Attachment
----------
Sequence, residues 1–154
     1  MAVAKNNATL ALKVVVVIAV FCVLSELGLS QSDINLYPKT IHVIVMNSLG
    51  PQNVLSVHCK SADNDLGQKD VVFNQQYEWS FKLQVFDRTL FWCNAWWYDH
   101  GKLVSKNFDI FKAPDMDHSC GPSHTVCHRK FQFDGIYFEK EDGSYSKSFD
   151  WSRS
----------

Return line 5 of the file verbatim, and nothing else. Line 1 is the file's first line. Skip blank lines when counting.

   151  WSRS